With Democrats taking control in Olympia in just a few days, it’s not surprising to see a new carbon tax proposal coming from the governor’s mansion.

This time, however, Gov. Jay Inslee is pushing his tax idea in the name of the school funding.

Furthermore, he’s suggesting it’s the only way the state can get out from under the state Supreme Court’s McCleary decision on education funding.

The governor would have us believe we need to deplete our state’s “rainy day fund” to cover what he suggests is a $950 million education funding shortfall.

That money would be used to raise teacher and administrator salaries, which in Eastern Washington, are already higher than the median wages most full-time workers are paid in the private sector.

The governor then would slip in his carbon tax to refill the reserve fund coffers by an amount of $1.5 billion.

Sneaky maneuver – taking $950 out of reserves and then collecting $1.5 million to pay it back. Sounds like an end-run around the public to increase state taxes by $550 million.

Over the last few years, the tax-and-spend Democrat in the governor’s mansion has been blocked by the Senate’s Majority Caucus Coalition, a mix of Republicans and a conservative Democrat or two opposed to creating a new tax on emissions.

With a very liberal Democrat replacing Republican businessman Dino Rossi in the Senate on Jan. 1, the caucus has already ceded power to Democrats, and with it goes control of the entire state government.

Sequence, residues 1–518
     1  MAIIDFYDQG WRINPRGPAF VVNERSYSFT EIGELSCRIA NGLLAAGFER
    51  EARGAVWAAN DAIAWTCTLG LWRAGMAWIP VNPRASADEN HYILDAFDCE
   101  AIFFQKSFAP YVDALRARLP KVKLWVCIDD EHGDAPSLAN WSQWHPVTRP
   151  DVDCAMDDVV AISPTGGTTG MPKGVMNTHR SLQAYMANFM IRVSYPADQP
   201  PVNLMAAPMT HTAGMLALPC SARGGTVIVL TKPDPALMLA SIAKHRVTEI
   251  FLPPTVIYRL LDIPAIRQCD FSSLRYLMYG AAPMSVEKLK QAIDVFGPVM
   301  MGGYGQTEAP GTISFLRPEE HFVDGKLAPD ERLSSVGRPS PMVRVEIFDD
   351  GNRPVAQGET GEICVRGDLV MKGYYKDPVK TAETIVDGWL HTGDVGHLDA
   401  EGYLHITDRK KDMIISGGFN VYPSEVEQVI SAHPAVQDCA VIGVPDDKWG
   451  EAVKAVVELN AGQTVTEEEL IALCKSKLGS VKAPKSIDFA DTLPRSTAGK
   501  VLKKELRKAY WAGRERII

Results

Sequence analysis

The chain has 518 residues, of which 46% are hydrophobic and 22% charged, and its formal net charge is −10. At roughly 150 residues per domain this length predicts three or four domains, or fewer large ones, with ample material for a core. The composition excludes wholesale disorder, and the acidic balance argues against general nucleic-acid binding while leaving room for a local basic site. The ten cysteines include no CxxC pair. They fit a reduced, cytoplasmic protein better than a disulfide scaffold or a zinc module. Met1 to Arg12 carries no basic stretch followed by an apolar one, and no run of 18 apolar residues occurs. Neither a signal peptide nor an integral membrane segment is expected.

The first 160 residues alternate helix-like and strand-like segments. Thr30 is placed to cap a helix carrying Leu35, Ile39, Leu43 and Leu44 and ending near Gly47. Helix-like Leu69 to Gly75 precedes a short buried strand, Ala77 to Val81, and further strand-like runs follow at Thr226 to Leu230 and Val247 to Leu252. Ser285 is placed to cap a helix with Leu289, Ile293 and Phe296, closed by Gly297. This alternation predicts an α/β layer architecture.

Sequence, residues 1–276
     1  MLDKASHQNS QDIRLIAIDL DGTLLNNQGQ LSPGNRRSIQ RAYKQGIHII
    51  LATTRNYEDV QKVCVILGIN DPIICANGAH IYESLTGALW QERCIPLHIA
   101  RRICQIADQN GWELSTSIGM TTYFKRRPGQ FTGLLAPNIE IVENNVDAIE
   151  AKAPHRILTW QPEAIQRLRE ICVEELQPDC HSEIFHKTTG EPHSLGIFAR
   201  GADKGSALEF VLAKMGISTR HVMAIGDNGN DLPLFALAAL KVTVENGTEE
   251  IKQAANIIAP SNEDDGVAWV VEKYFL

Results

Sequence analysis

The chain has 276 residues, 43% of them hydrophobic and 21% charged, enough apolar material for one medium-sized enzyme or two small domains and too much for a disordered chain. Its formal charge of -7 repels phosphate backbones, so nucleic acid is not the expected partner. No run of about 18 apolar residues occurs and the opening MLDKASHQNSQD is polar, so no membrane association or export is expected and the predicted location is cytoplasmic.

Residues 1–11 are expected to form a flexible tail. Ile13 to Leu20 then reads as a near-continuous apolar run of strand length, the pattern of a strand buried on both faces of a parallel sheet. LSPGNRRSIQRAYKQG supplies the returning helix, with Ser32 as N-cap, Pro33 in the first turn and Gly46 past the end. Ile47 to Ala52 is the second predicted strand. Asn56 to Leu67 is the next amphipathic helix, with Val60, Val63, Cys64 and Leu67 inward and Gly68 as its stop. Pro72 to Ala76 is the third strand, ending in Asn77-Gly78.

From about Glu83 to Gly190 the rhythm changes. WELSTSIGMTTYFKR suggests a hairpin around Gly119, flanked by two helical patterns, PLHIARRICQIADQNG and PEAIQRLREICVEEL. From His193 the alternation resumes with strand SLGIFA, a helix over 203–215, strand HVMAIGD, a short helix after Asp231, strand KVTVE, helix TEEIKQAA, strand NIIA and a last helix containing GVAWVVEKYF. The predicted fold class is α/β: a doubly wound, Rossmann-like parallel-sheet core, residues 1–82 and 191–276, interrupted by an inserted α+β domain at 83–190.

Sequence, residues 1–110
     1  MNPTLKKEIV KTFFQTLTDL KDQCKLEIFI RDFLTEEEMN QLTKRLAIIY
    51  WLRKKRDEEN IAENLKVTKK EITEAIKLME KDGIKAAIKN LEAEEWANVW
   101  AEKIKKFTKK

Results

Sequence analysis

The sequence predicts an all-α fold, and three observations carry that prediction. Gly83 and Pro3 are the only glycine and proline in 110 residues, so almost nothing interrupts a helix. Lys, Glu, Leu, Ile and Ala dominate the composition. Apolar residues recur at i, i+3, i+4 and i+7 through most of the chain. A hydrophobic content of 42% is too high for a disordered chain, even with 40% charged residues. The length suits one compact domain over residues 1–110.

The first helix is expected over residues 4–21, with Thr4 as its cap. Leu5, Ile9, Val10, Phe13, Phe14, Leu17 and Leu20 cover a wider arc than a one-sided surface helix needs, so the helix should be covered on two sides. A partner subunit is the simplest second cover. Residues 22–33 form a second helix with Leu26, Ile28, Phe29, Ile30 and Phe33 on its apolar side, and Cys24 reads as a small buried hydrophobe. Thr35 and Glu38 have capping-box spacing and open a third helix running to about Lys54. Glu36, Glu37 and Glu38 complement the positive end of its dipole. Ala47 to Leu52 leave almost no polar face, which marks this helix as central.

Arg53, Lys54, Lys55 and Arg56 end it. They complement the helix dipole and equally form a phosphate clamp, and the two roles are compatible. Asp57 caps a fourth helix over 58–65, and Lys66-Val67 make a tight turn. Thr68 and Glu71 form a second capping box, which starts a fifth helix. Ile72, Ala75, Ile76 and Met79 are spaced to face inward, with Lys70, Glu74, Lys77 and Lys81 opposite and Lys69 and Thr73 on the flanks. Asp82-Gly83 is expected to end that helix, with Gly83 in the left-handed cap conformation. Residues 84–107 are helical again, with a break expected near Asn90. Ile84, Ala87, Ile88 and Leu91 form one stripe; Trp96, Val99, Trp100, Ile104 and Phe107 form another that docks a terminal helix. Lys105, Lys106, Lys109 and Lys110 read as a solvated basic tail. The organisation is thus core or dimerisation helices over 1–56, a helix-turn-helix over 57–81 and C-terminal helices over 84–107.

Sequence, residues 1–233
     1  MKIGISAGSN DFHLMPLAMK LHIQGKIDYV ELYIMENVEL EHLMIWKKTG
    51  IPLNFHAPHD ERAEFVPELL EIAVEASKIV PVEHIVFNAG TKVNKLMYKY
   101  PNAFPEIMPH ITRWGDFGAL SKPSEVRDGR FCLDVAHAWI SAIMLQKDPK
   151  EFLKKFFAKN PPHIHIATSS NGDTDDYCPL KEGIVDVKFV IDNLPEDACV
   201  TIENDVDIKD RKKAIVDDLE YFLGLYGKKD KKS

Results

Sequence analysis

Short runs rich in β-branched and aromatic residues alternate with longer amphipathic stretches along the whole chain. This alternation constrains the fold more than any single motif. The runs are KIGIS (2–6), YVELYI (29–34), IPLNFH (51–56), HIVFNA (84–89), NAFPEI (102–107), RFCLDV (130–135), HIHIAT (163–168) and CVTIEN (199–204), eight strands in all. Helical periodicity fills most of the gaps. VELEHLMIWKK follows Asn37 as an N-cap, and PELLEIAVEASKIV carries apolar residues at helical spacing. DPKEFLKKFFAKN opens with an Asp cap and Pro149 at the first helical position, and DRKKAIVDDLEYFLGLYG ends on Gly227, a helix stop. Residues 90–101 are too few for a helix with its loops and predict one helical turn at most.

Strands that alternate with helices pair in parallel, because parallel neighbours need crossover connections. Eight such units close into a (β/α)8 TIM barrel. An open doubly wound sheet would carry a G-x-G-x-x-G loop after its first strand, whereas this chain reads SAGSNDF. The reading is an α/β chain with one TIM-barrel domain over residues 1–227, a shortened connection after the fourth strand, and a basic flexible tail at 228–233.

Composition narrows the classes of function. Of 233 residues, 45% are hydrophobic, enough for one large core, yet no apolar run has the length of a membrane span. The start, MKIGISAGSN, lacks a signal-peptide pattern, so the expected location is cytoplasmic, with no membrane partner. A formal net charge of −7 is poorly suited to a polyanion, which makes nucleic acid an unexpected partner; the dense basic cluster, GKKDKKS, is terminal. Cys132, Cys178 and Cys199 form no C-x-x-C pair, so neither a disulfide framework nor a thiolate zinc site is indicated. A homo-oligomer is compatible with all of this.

So, it’s apparent Inslee sees an opening to push his extreme environmentalist agenda with the change.

Regardless of the makeup of the Legislature and the party of the governor, raiding the state’s reserve fund is a bad idea.

Additionally, we don’t believe education should be used as an excuse to create a new tax on emissions.

Granted, the governor has yet to detail his new carbon tax proposal. But given his track record, we don’t need to see what tax he’ll propose next.

Voters were very clear in November about recent taxes enacted by the Legislature and governor during the last session. In three advisory measures, voters strongly opposed new taxes enacted without a public vote.

A carbon tax, too, has been strongly rejected by voters. Carbon Tax Initiative 732 was resoundingly defeated by voters in November 2016. Modeled after a foreign law – a so-called “carbon tax” law does not exist in the U.S. – the measure would have added a new, increasing tax on fossil fuels such as oil, gasoline and coal.

Of the state’s 39 counties, only King County voters supported the measure. It passed there with a measly 51 percent. It failed with 63 percent opposed in Pierce County, 56 percent opposed in Whatcom and even 53.5 percent opposed in Jefferson County, arguably three of the most liberal counties in the state. East of the Cascades, voters in Yakima, Benton and Spokane counties defeated the measure with 67.4 percent, 71.1 percent and 67.4 percent of the vote. And in Lincoln County, the carbon tax proposal was torpedoed with 85.5 percent of voters opposed.

Despite the overwhelming opposition to the carbon tax idea in our state, Inslee has continued to try to force his extreme tax agenda.

Lawmakers, and voters, need to tell Gov. Inslee in no uncertain terms that the carbon tax plan is dead on arrival the first day of the upcoming legislative session. Otherwise, state residents will be paying additional taxes and resulting higher costs for goods and services to appease a governor kowtowing to special interests.

And our public educational system won’t be any better than it is today.

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